Dreaming… of hope

It’s not like when that ball drops into what will be a pretty empty Times Square in New York at midnight on December 31 things will suddenly be different. Yeah, I’m with you and would love the clock to chime in a new year with no coronavirus pandemic, real racial justice and harmony, great backcountry snow with no avalanche danger, no last-minute house fires and a smooth transition of presidential power. Like you, I’m dreaming. 2021 will begin like 2020 ends. But… there is hope.

COVID has been rough. It has taken some of our friends and community members and hobbled others for long periods of time. COVID put a scare into local business owners and even shuttered a few of them. Last spring as I wandered the valley (as an essential worker) the roads were empty, the businesses locked and emergency personnel were really busy.

No one knew what was coming and we as a community adapted. In fact we adapted better than most as we prepared for the worst and got lucky. Our numbers seemed to plateau in March and April. We all had it then, didn’t we?

Public Health director Joni Reynolds and her team came together and made it pretty clear, pretty quickly, what needed to be done to stop the spread of the unknown virus and keep our hospital beds open. They got some loud pushback. The local team stayed the course and while not always easy, it worked. The dramatic county closure, the smart social distancing, the wise use of masks, the Coronameter and data studio all contributed to an exemplary response. We are still better than most other places in Colorado and the country. For that we can be thankful.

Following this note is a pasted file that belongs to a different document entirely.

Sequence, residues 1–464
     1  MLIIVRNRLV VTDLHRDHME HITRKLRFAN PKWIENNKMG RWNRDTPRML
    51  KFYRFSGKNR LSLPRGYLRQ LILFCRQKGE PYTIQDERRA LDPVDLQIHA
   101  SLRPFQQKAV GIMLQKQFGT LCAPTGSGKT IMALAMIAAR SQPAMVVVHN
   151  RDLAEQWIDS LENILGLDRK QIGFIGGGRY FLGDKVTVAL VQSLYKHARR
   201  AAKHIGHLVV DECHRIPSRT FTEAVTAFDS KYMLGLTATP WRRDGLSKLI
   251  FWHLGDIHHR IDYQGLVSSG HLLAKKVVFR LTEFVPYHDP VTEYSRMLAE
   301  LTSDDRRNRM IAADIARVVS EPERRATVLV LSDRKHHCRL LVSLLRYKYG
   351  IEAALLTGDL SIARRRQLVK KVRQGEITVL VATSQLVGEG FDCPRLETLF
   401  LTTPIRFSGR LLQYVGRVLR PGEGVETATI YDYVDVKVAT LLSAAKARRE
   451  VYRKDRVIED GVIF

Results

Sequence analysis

The volunteerism was off the charts as healthy neighbors pitched in to help friends and strangers. Contributions to organizations that help those most in need like the Gunnison Country and Crested Butte Food Pantries, Mountain Roots, the Community Foundation went up noticeably. That was impressive.

As summer approached, it became clear quickly that our outdoor offerings would draw people. And the people came. We sent the message that you could be outside and stay safe—and our valley has a lot of outside. The town reconfigured Elk Avenue to accommodate more people. While the local finance people initially projected a steep drop in business and elected officials mapped out cutbacks and mitigation measures, sales tax revenue numbers are actually up over last year.